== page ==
Investors tend to make costly decisions when the market turns downwards. No one likes to see falling prices and money loss. It’s bound to make anyone stressed and anxious. However, decisions investors make at this moment can either be smart, or investors can end up paying a heavy price. Here are some mistakes people should avoid during a dip in the market:
1. Buying more to average
Some investors tend to compound their mistakes. If the market dips and the stock you bought also drops, don’t buy more shares of the stock in order the decrease your average buying price. People tend to think that they can cover their losses by buying more of the same shares, but at a lower price. This is not the case. It does make sense why people would think this way, however. If the stock’s bases are strong and the drop in price is because of something outside of the company, averaging down the price could have an upside. If the fundamentals behind the stock have also taken a downturn, however, then averaging will only worsen your losses.
2. Getting anchored to a price
People set a benchmark price for the shares they purchased more often than they should. This could be the purchase price, but it could also be the highest price the stock has gotten to. Decisions in the future on this stock are based upon this and anchoring to a price level could make people hold onto their stocks for longer than they should when the market turns down. The share price could drop for a wide variety of reasons, but investors hold onto their shares because it is below the price that they pay. They hope that the price will go back to that level without examining the fundamentals of the stock. Instead, if the price of the stock you bought has dropped, do research and find out why this might be the case. If there are internal reasons for the drop such as a lack of earnings visibility, it is better to sell and stop your losses.
3. Buy scrips at 52-week low prices
People sometimes become value pickers when the market dips. They look for stocks that trade near their 52-week low as these are seen as good bargains because they think that the dip in the market has already affected the price. A lot of these actually turn out to be value traps because it’s very hard to determine when a stock has bottomed out. Even if you are highly convinced that this is the case, you should be ready to experience some losses in the next term because it takes time for the market to digest the value in the stock.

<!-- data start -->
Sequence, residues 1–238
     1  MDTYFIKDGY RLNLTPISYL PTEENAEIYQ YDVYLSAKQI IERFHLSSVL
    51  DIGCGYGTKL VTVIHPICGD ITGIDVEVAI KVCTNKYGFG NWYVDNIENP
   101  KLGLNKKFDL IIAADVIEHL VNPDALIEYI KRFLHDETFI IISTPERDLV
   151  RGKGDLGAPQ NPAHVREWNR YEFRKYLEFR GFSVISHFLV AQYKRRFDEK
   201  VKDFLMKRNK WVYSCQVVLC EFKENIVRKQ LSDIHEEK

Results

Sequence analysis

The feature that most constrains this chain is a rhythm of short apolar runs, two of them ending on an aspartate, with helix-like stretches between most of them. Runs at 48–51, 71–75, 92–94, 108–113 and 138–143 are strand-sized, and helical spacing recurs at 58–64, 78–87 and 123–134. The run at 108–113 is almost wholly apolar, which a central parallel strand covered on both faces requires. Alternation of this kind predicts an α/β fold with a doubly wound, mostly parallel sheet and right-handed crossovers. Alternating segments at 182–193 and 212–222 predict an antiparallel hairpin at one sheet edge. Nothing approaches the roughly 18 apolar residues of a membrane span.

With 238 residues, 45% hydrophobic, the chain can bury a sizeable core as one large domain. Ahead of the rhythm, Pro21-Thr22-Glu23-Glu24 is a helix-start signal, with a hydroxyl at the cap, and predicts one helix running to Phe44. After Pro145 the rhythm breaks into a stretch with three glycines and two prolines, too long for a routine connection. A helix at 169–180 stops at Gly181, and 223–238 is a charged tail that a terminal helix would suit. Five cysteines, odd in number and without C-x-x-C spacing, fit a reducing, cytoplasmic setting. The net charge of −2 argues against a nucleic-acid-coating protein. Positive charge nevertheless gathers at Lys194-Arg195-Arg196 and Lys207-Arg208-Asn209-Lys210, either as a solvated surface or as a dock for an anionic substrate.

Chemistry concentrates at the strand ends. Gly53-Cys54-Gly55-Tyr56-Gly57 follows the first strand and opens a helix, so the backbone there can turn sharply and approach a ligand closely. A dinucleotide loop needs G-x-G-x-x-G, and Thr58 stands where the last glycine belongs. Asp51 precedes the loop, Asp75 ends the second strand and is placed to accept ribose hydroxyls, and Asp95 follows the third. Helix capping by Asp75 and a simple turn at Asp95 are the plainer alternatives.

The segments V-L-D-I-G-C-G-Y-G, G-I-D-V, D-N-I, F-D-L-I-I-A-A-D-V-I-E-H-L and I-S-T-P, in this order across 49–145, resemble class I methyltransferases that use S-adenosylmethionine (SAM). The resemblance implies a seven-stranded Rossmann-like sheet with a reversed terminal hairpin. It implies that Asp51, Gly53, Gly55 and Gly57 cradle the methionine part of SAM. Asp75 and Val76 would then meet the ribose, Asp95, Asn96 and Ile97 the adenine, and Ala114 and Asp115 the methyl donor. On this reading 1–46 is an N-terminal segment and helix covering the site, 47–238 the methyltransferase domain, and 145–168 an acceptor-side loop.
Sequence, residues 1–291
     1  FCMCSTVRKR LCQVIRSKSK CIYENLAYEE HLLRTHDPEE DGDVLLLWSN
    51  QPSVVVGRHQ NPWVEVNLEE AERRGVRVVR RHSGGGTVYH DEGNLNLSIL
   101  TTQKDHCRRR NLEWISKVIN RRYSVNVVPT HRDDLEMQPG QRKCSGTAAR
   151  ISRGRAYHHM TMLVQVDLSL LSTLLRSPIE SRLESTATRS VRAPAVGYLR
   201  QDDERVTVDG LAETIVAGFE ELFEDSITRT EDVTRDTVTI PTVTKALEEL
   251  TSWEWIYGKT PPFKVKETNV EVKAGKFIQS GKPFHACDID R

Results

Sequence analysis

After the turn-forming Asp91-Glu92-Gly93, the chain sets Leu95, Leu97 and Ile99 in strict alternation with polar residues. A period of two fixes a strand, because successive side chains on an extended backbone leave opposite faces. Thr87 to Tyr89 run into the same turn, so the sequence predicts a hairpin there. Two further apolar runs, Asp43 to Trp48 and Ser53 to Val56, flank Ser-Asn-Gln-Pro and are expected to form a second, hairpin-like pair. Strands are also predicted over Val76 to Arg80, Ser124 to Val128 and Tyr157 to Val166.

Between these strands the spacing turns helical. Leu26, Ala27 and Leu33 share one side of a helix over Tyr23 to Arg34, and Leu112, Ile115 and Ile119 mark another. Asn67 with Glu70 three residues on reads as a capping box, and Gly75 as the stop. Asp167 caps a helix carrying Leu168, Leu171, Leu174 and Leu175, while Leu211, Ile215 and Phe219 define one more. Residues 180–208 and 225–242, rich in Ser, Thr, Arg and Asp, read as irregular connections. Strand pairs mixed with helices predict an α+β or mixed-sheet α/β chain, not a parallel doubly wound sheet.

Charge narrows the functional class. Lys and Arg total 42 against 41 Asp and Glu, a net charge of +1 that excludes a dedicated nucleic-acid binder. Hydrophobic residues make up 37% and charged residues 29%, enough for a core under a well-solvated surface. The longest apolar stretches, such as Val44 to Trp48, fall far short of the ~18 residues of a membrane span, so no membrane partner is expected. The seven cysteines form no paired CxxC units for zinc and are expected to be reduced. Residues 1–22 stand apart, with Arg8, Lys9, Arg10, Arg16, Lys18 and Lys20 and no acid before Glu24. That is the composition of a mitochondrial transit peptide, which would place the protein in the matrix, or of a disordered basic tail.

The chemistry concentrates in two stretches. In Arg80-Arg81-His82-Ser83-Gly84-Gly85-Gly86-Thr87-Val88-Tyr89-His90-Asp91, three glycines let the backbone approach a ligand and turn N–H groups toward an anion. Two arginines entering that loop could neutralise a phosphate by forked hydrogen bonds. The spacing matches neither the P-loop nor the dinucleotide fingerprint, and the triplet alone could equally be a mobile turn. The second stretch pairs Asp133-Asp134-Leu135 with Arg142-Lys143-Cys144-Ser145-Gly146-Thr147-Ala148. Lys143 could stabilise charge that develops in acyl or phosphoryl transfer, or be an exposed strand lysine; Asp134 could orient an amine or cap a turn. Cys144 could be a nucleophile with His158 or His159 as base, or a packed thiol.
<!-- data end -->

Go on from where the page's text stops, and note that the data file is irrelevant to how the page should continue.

4. Falling for confirmation bias
Sometimes investors will start reading too many research reports and watching too much investor news. They will try to look for information or experts that support their beliefs and ignore the actual facts. This will have even more damage when the market takes a dip because your judgement will be skewed and you are more likely to make a bad decision. For example, you could get some form of confirmation bias after you read an article that supports your stance on your stocks, but this will make you too optimistic. You have to remember to look at the negative information that comes out about the stock as well and weigh the pros and cons.
5. Altering your financial plan
A drop in the market can make people change their financial plans or their investment strategy. People might try to increase their exposure to equities to benefit from the market correction, while other people might try to take out all of their money. Don’t make your decisions or invest in a way only because of the way the market is moving currently. The future most likely will be different. People have to be patient and remember their long-term goals instead of making decisions at that moment.